Cues like “Côte d’Azur,” the subtly comedic “Le Chapeau de Carson,” and the gorgeously wistful “Violet Mon Adorée,” are gracefully romantic, bright and beguiling pieces in waltz time that represent Lady Grantham’s ‘mysterious romantic past’ in the sun-kissed climes of the south of France. “Le Chapeau de Carson” has an especially Gallic flavor through its use of traditional accordions, and couldn’t be more perfectly location-specific if it was riding a bicycle while wearing a hooped shirt, a beret, and had a string of onions around its neck. “Violet Mon Adorée,” on the other hand, seems to have a longing, melancholy undercurrent amid the lovely interplay between piano and woodwinds, hinting at unfulfilled relationships and long-forgotten regrets.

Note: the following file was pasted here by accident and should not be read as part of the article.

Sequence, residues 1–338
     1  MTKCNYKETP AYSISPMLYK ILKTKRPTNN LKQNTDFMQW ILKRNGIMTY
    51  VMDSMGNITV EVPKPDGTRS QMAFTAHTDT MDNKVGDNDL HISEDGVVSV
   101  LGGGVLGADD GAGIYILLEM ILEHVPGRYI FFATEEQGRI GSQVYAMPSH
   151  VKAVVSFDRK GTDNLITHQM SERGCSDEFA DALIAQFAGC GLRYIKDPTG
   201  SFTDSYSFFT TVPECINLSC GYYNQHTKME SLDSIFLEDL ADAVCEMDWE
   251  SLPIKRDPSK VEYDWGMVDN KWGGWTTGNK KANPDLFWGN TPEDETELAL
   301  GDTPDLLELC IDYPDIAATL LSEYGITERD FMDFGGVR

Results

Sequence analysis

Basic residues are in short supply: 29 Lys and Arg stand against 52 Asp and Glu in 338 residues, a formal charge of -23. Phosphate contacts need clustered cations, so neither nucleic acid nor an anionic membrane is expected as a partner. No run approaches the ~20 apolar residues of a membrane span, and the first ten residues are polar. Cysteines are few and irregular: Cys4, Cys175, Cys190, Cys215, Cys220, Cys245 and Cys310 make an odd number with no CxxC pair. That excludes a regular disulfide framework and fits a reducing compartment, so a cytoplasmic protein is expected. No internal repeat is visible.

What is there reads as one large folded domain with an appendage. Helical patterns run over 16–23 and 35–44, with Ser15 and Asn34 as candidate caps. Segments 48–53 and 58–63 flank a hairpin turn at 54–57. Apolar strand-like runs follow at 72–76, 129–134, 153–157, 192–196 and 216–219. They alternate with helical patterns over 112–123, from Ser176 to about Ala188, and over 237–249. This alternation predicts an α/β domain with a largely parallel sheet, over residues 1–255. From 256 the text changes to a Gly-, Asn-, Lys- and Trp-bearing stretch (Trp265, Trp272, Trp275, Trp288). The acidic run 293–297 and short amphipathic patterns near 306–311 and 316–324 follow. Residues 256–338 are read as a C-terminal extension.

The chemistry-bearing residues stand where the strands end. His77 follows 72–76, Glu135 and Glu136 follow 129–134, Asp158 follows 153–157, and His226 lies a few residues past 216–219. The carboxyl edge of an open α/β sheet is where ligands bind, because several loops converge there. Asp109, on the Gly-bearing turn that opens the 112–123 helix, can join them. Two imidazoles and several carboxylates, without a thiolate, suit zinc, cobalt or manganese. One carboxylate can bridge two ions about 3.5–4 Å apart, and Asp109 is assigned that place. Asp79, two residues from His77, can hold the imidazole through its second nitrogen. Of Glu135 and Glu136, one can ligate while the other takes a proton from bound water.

Meanwhile, cues like “Kinema” and “Then You’re In Luck,” have a jazzy sound, peppy and upbeat, one part George Gershwin, one part Max Steiner. They are full of vivacious string runs and big-band brass, and often have a sultry Hollywood sweep and sheen in some of the phrasing. The prominent use of pizzicato runs and effervescent xylophones in the percussion section is immediately redolent of the period, and they give the whole thing a can-do spirit full of pizzazz and spunk. Related to these are the dreamy-sounding “Guy” and the subsequent “The Handsome Mr. Barber,” which have all the charm and romantic appeal of a screen matinee idol, a wash of swooning strings and Hollywood Golden Age fantasy. There’s a touch of more serious drama too in “The Gambler” – the name of the film being shot – which captures the sense of panic and trepidation among the film crew when the studio pulls out a lot of the funding, leaving the whole project in jeopardy.